Though his architectural firm employs over 150 architects, Kuma has been attending to the little Portland restaurant personally, says staff at Naoko.
Chef Naoko Tamura—well-known in her home country for literally writing the book on Japanese organic cooking—met architect Kengo Kuma while he was working on the "Cultural Crossing" expansion of Portland's Japanese Garden.
"When the space next door became available, Naoko talked to Kengo Kuma about it and he offered to be the architect," says Naoko's spokesman Graham Bell.
Kuma is now best-known for his controversial wooden-lattice stadium design chosen for the 2020 Tokyo Olympics. After a protest led by Kuma and other Japanese architects, Hadid's elaborate praying-mantis-mouth design was scrapped, and Kuma's was chosen. Hadid responded by accusing him of plagiarism of her original design, which Kuma denied—an accusation that seems a bit ridiculous if you have, umm, eyes.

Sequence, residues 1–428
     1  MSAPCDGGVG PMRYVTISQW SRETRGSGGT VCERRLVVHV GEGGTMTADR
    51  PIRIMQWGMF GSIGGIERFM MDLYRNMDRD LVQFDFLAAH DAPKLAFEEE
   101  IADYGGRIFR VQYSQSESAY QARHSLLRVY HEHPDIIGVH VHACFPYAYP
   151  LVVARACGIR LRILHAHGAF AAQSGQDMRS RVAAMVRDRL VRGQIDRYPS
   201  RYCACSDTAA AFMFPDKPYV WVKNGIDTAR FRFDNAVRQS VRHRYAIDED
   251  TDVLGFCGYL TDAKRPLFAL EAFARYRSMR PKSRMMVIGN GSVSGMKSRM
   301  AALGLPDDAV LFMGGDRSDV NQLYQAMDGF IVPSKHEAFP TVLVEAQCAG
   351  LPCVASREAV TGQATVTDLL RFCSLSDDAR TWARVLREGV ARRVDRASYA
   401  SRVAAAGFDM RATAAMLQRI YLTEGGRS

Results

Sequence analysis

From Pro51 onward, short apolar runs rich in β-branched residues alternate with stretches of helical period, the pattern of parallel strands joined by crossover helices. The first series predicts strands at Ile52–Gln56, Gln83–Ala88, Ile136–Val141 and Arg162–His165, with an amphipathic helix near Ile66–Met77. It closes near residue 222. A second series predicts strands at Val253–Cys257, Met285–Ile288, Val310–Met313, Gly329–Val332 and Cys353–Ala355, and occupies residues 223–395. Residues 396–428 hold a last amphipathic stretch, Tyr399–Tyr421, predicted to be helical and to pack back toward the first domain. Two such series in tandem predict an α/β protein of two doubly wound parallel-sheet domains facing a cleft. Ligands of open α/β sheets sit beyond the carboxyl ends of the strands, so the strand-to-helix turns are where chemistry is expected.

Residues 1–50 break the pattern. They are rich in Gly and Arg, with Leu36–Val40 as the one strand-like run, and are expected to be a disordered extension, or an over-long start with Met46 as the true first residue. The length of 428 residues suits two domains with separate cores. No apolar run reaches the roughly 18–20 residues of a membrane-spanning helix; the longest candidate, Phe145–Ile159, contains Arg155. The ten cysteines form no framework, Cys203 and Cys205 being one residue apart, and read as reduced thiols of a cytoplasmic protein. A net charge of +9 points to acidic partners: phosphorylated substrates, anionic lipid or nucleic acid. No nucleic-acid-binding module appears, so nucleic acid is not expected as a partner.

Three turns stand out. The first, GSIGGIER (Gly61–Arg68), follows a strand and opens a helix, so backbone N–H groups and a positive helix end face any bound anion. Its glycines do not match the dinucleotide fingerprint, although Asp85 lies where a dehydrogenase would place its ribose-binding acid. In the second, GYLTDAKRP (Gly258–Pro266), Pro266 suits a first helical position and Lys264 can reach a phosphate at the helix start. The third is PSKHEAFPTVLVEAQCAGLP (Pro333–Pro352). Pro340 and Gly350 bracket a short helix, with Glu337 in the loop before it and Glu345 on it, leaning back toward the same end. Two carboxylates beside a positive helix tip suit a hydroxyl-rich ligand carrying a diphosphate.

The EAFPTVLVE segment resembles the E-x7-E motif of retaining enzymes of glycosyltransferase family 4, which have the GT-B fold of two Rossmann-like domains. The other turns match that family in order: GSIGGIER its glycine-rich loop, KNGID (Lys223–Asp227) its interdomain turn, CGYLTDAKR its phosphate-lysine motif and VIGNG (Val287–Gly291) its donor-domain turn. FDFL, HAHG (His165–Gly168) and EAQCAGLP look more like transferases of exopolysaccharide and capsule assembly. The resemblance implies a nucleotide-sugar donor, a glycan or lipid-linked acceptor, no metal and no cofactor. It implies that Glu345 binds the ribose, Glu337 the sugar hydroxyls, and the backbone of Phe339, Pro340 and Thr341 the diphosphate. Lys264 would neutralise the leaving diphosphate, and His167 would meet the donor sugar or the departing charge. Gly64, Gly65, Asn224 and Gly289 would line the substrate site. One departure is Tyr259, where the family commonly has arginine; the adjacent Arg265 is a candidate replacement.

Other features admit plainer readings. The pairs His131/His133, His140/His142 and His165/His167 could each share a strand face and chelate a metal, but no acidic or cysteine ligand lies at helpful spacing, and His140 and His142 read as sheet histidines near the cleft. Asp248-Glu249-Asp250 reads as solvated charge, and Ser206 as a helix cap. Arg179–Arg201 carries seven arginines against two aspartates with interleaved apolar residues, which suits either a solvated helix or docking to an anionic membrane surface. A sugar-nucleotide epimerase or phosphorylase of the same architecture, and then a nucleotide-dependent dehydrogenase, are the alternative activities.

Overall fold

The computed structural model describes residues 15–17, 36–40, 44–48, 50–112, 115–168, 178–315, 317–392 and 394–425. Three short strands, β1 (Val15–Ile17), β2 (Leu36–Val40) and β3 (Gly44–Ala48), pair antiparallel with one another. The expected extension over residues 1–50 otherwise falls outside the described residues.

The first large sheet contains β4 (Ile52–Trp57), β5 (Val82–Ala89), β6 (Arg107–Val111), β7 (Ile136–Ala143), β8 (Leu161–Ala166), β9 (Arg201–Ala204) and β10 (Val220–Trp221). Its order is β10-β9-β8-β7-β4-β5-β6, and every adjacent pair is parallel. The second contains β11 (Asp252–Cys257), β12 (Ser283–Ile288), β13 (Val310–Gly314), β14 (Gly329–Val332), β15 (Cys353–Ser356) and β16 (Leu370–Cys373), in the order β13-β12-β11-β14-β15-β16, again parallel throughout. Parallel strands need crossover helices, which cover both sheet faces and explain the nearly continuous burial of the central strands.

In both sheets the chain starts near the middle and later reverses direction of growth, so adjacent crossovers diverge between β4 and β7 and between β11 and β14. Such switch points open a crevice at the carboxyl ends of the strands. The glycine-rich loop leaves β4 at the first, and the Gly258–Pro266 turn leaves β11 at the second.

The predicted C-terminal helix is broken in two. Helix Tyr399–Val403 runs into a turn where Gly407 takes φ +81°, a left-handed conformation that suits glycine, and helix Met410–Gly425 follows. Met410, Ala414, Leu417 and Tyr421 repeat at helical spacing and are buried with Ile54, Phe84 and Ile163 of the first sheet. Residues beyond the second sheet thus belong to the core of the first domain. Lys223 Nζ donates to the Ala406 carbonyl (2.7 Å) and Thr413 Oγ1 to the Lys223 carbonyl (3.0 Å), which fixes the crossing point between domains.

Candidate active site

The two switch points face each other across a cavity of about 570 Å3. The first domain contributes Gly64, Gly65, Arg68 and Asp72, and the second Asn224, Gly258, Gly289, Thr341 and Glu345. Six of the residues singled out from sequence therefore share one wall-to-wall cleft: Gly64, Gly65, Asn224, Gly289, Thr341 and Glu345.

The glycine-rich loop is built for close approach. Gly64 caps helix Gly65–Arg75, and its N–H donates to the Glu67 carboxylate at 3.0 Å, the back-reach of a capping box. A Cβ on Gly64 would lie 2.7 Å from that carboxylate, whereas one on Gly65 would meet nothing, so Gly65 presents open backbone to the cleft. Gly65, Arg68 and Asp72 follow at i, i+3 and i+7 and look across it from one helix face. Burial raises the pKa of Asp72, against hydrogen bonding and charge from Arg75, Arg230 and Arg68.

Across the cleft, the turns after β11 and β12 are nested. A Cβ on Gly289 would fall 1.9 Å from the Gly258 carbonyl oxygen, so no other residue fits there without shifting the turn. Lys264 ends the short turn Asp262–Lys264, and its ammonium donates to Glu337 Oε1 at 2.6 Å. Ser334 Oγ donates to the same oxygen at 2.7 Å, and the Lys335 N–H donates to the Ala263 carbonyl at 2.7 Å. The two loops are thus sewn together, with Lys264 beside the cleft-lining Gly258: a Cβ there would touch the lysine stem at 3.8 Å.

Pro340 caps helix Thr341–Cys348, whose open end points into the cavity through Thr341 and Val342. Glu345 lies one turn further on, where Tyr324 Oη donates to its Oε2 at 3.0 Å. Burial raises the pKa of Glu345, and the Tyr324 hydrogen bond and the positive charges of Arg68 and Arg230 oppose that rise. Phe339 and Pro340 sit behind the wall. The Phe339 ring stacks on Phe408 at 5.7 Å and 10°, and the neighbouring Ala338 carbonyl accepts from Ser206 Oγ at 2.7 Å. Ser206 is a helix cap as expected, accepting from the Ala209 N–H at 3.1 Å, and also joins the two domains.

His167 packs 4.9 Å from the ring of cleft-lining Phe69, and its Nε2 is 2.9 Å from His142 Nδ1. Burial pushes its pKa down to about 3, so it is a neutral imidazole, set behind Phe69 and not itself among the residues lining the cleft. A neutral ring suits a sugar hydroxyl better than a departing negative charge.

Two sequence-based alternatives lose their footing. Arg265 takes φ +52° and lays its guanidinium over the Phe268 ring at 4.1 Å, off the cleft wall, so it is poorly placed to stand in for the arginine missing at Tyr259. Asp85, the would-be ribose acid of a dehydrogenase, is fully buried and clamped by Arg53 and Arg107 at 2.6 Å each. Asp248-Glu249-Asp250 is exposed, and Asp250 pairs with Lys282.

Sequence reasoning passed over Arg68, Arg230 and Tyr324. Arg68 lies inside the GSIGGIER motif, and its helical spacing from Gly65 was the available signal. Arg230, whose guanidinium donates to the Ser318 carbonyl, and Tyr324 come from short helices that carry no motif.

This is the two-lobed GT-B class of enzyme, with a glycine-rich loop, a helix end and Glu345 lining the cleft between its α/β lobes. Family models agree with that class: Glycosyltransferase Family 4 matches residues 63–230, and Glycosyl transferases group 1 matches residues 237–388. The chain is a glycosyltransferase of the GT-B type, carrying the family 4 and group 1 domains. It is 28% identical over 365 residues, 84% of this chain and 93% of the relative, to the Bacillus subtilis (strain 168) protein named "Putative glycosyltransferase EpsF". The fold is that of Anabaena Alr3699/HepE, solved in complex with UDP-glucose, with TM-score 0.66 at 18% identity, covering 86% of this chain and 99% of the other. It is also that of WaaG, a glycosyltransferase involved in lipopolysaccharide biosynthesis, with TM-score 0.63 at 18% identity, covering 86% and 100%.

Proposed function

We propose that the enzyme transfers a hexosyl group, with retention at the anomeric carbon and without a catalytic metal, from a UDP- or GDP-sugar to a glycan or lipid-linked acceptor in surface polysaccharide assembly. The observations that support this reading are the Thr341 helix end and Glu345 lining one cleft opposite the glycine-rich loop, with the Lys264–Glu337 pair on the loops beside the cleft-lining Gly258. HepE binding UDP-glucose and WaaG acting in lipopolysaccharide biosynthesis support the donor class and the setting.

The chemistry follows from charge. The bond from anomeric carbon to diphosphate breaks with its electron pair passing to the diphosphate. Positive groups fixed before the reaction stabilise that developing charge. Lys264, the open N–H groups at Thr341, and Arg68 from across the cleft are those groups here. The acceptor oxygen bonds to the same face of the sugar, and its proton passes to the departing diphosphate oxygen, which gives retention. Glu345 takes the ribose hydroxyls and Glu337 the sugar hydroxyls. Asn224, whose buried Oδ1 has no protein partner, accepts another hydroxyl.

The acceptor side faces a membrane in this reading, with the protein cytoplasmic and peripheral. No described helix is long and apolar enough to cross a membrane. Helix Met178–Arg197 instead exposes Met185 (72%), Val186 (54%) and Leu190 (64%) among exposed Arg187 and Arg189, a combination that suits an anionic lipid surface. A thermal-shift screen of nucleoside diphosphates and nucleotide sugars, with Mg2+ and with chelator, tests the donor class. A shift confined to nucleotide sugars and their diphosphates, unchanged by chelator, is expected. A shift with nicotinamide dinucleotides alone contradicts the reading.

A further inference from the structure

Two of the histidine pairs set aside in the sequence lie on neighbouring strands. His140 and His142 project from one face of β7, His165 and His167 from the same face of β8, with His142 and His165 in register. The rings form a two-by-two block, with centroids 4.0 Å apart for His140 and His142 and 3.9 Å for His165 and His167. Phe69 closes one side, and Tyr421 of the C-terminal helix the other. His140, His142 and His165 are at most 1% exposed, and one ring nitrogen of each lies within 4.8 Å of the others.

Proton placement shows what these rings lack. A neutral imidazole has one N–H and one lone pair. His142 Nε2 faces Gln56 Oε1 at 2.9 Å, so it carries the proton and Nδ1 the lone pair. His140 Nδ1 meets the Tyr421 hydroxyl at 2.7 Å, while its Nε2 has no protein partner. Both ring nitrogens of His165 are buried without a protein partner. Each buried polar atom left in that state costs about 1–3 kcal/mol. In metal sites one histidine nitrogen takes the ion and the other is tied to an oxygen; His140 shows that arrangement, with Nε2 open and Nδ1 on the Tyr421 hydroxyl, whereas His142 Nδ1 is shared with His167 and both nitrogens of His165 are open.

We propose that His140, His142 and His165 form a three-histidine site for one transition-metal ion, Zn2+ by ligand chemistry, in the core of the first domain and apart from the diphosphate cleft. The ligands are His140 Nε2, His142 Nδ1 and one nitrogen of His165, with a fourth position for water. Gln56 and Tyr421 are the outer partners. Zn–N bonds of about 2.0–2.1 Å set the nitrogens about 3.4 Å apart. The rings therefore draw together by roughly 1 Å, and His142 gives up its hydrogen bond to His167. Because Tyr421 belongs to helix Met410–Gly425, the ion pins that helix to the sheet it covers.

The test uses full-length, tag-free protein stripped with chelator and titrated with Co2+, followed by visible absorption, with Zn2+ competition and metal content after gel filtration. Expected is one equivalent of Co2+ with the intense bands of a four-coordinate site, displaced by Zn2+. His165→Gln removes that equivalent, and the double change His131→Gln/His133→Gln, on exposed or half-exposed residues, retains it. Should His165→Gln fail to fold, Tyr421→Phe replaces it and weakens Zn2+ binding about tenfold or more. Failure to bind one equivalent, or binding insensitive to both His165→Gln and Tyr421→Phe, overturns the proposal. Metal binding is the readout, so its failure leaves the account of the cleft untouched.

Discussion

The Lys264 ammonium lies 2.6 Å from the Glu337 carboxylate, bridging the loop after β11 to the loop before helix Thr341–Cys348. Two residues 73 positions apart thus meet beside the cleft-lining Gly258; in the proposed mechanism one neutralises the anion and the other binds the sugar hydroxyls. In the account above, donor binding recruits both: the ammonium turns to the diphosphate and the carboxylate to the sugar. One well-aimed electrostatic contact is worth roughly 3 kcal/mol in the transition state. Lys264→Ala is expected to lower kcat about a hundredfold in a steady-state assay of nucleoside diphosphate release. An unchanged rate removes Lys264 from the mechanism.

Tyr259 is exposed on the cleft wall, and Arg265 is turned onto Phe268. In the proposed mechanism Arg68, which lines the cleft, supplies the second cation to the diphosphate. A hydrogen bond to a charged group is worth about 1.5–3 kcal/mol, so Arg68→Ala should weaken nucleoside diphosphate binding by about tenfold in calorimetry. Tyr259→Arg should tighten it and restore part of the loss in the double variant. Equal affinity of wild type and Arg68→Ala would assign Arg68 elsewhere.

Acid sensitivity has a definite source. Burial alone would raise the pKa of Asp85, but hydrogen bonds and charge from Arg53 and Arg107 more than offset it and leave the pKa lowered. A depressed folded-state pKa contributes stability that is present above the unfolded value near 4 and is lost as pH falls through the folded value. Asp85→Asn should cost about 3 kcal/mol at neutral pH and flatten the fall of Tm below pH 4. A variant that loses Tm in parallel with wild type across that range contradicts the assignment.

Kuma's design for the expanded Chef Naoko, which will seat 50, makes use of some of the same touches as the stadium and garden. The Southwest Jefferson Street restaurant features a striking array of organic wooden shapes descending from the ceiling, a stone garden and wood-lattice walls.
The space will have two separate kitchens—one for catering, one for the restaurant.
"We have been looking to expand for the last two years because our current location is usually full, " says Bell, "and we have to turn customers away. And our catering has expanded to more than 50% of our business."
Expect to see the new look this September, when it will become the first restaurant in the United States designed by Kuma. Here are pictures of some other Kengo Kuma projects, just for fun, all found here: